Munetrix scores Sterling high for safety

By: Eric Czarnik | Sterling Heights Sentry | Published September 30, 2015

File photo


A new ranking of populous Michigan cities found that Sterling Heights fits in the top tier of its peers, city officials said during a Sept. 15 City Council meeting.

City Manager Mark Vanderpool announced that the Auburn Hills-based government data firm Munetrix had ranked cities’ safety by population level. Based on 2014 data, the organization found that Sterling Heights ranked sixth among the top 15 Michigan cities with populations of more than 50,000. The city also ranked first among cities with more than 100,000 people, he said.

In the over 50,000 bracket, Rochester Hills was named the safest, followed by Macomb Township, West Bloomfield, Shelby Township and Waterford Township, he said. Sterling Heights came afterward, ranking higher than communities like St. Clair Shores, Troy, Farmington Hills and Clinton Township.

“This entity has never ranked us, so I think it lends even greater credibility to the other rankings that consistently (put) the Police Department … in this group,” Vanderpool said.

“So again, I bring this up because it’s always good to be in this top ranking, and I want to really highlight this because it’s reflective with the City Council’s ongoing commitment to public safety, allocating the necessary funding to hire 50 police officers over a three-year period while also providing state-of-the-art equipment.”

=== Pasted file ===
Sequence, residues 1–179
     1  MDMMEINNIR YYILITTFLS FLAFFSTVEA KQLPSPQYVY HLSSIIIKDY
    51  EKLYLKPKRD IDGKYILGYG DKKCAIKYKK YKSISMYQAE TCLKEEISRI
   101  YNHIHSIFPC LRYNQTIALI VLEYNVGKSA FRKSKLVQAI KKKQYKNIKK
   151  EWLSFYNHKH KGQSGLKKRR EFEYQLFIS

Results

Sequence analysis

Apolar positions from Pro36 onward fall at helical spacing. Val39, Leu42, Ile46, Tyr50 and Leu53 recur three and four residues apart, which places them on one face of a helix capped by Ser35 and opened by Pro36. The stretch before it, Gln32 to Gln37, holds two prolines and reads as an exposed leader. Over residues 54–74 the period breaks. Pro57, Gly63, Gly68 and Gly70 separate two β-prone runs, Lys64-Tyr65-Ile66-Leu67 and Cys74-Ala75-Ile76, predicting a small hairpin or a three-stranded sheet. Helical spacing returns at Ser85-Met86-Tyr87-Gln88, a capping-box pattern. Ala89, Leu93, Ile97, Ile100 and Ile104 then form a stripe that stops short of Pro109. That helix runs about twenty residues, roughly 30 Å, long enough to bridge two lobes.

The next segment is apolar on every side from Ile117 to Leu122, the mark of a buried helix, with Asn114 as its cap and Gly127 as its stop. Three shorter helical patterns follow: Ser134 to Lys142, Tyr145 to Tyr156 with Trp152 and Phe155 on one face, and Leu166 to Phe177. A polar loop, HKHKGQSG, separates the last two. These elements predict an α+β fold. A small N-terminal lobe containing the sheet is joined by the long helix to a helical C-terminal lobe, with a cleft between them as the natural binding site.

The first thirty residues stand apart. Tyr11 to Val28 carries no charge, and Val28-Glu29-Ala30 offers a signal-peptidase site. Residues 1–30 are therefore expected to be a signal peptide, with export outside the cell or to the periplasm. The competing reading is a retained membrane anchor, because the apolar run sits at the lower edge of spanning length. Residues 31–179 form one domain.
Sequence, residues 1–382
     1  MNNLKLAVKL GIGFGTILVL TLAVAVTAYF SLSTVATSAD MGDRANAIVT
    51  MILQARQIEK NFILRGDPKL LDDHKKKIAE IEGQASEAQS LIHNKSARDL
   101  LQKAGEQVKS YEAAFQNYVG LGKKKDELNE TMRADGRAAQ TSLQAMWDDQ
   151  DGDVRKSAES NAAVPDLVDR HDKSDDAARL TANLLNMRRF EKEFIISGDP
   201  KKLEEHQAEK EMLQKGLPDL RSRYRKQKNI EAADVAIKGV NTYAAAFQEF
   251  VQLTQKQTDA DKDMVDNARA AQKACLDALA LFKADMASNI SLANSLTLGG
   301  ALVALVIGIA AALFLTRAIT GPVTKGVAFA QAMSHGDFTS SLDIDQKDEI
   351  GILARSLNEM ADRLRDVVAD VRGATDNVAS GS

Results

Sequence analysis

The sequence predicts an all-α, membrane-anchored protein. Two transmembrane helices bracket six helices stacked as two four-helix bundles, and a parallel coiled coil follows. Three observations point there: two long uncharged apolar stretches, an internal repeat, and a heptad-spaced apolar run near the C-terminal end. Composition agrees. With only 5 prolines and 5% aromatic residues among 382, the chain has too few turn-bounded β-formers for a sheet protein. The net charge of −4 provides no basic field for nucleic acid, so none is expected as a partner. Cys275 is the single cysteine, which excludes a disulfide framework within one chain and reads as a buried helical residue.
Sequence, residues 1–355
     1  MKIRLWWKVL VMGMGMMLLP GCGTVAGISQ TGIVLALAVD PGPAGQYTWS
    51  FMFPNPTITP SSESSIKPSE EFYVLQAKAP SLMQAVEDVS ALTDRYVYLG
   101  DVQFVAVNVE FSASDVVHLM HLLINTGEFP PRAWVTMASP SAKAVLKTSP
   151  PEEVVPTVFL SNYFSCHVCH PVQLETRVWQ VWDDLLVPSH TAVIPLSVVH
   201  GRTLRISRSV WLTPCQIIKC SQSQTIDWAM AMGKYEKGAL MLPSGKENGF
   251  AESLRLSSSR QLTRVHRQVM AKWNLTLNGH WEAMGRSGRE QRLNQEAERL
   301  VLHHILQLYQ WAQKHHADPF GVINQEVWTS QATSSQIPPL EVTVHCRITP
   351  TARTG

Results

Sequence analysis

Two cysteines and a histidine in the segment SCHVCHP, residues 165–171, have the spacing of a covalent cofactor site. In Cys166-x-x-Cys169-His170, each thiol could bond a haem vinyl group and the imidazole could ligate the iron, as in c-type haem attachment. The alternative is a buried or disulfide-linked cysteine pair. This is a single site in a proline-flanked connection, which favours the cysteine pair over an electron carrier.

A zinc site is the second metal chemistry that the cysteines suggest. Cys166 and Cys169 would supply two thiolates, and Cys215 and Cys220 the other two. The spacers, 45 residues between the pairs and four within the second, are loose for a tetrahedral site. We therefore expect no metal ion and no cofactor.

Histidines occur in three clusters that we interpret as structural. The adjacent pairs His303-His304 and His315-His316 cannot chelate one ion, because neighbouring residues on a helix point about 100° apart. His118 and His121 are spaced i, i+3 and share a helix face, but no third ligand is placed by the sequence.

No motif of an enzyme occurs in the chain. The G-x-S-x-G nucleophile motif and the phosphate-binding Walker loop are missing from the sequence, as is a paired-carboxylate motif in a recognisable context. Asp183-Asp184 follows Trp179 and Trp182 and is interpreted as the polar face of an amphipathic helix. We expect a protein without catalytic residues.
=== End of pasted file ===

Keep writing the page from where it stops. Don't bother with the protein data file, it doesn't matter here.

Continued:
Vanderpool said the city has been replacing police cars and adding computer equipment into police cars.

Vanderpool closed his statements by saying the honor was “reflective of our outstanding men and women in the Police Department who take great pride in their work.” Later in the meeting, Police Chief Michael Reese presided over the swearing-in of four new police officers.

Mayor Michael Taylor called Sterling Heights the “safest big city in the state of Michigan” and one of the safest cities in the country. He thanked the residents once again for approving a 2013 public safety millage, crediting it for allowing the city to avoid cuts to public safety staff.

“While you’re filling in for somebody who is retiring, if it weren’t for the residents of Sterling Heights standing up and saying, ‘We want this service, we want you, we want professional police officers, professional firefighters protecting our city’ … you wouldn’t be here today,” he said, addressing the newly sworn-in officers.

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